Stage Money: The Business of the Professional Theater

By Tim Donahue; Jim Patterson | Go to book overview

3
Risk and Return in the Commercial Theater

Since at least the 1920s, Broadway theater has been dubbed the “fabulous invalid” —always dying but somehow never dead. Since then, theater professionals have been concerned that the likely return from producing commercial theater was too small to justify escalating risk. Later Robert Anderson, author of hit plays and screenplays, put the concern with risk and return in such sharp words that they’ve become a proverb: “It is next to impossible to earn a living in the theater. But you can make a killing.”

Oscar Hammerstein II was certainly a great and successful man of the theater. Although he is popularly remembered as a lyricist and book writer of some of the greatest musical comedies, including Oklahoma!, South Pacific, and The King and I, he was also a theatrical producer. He came by it naturally—his grandfather Oscar Hammerstein I was a renowned opera impresario and theater builder. Hammerstein’s flop rate as a producer before he cowrote Showboat in 1927 was 65 percent; before Oklahoma! in 1943 it was 53 percent. That is, Hammerstein never had a success rate higher than 50 percent. Yet he was considered an eminently successful commercial Broadway producer.

More recently the producer Margo Lion said of investing in the commercial theater, “It’s like going to the track or to Las Vegas. Only 20 percent to 25 percent of the productions on Broadway make back their initial capital.” She said this despite the fact that Lion has been a producer of many wonderful Broadway shows, such as Caroline, or Change; Hairspray; Elaine Stritch at Liberty; The Crucible; Angels in America; Jelly’s Last Jam; and I Hate Hamlet. Many of these, but not all, earned back their initial investment and made a profit.

Despite the high likelihood of the total loss of investment, stories of profit on Broadway abound. For example, the New York Post reported in the summer of 2007 that the revival of Eugene O’Neill’s play A Moon for the Misbegotten, a limitedrun import from London starring Kevin Spacey, returned a 30 percent profit to its investors. The investors put up $2 million to capitalize the show which closed June

-30-

Notes for this page

Add a new note
If you are trying to select text to create highlights or citations, remember that you must now click or tap on the first word, and then click or tap on the last word.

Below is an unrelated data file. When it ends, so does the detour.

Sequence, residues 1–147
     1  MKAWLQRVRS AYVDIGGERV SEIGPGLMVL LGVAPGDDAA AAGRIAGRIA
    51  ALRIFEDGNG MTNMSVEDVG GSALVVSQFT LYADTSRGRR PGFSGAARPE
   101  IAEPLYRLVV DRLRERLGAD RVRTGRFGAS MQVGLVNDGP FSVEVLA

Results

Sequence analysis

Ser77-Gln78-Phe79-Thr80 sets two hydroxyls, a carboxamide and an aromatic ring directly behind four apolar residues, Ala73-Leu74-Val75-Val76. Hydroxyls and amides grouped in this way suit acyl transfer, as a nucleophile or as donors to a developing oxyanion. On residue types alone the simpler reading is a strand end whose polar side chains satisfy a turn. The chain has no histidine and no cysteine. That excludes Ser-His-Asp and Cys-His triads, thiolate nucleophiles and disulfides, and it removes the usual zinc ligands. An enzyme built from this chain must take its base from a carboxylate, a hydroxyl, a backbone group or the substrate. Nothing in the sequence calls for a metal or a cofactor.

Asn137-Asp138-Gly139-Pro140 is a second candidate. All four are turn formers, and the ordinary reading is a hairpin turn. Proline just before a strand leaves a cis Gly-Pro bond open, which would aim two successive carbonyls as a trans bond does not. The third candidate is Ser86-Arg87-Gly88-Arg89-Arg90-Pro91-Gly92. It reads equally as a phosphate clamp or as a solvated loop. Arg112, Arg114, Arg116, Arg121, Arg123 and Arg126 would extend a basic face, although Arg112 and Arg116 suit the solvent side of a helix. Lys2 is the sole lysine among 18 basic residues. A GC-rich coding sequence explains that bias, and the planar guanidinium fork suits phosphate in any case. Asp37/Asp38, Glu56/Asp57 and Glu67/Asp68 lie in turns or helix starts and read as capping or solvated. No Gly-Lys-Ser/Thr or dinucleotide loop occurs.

One moment ...
Default project is now your active project.
Project items
Notes
Cite this page

Cited page

Style
Citations are available only to our active members.
Buy instant access to cite pages or passages in MLA 8, MLA 7, APA and Chicago citation styles.

(Einhorn, 1992, p. 25)

(Einhorn 25)

(Einhorn 25)

1. Lois J. Einhorn, Abraham Lincoln, the Orator: Penetrating the Lincoln Legend (Westport, CT: Greenwood Press, 1992), 25, http://www.questia.com/read/27419298.

Note: primary sources have slightly different requirements for citation. Please see these guidelines for more information.

Cited page

Bookmark this page
Stage Money: The Business of the Professional Theater
Table of contents

Table of contents

Settings

Settings

Typeface
Text size Smaller Larger Reset View mode
Search within

Search within this book

Look up

Look up a word

  • Dictionary
  • Thesaurus
Please submit a word or phrase above.
Print this page

Print this page

Why can't I print more than one page at a time?

Help
Full screen
Items saved from this book
  • Bookmarks
  • Highlights & Notes
  • Citations
/ 175

matching results for page

    Questia reader help

    How to highlight and cite specific passages

    1. Click or tap the first word you want to select.
    2. Click or tap the last word you want to select, and you’ll see everything in between get selected.
    3. You’ll then get a menu of options like creating a highlight or a citation from that passage of text.

    OK, got it!

    Cited passage

    Style
    Citations are available only to our active members.
    Buy instant access to cite pages or passages in MLA 8, MLA 7, APA and Chicago citation styles.

    "Portraying himself as an honest, ordinary person helped Lincoln identify with his audiences." (Einhorn, 1992, p. 25).

    "Portraying himself as an honest, ordinary person helped Lincoln identify with his audiences." (Einhorn 25)

    "Portraying himself as an honest, ordinary person helped Lincoln identify with his audiences." (Einhorn 25)

    "Portraying himself as an honest, ordinary person helped Lincoln identify with his audiences."1

    1. Lois J. Einhorn, Abraham Lincoln, the Orator: Penetrating the Lincoln Legend (Westport, CT: Greenwood Press, 1992), 25, http://www.questia.com/read/27419298.

    Cited passage

    Thanks for trying Questia!

    Please continue trying out our research tools, but please note, full functionality is available only to our active members.

    Your work will be lost once you leave this Web page.

    Buy instant access to save your work.

    Already a member? Log in now.

    Search by... Author
    Show... All Results Primary Sources Peer-reviewed

    Oops!

    An unknown error has occurred. Please click the button below to reload the page. If the problem persists, please try again in a little while.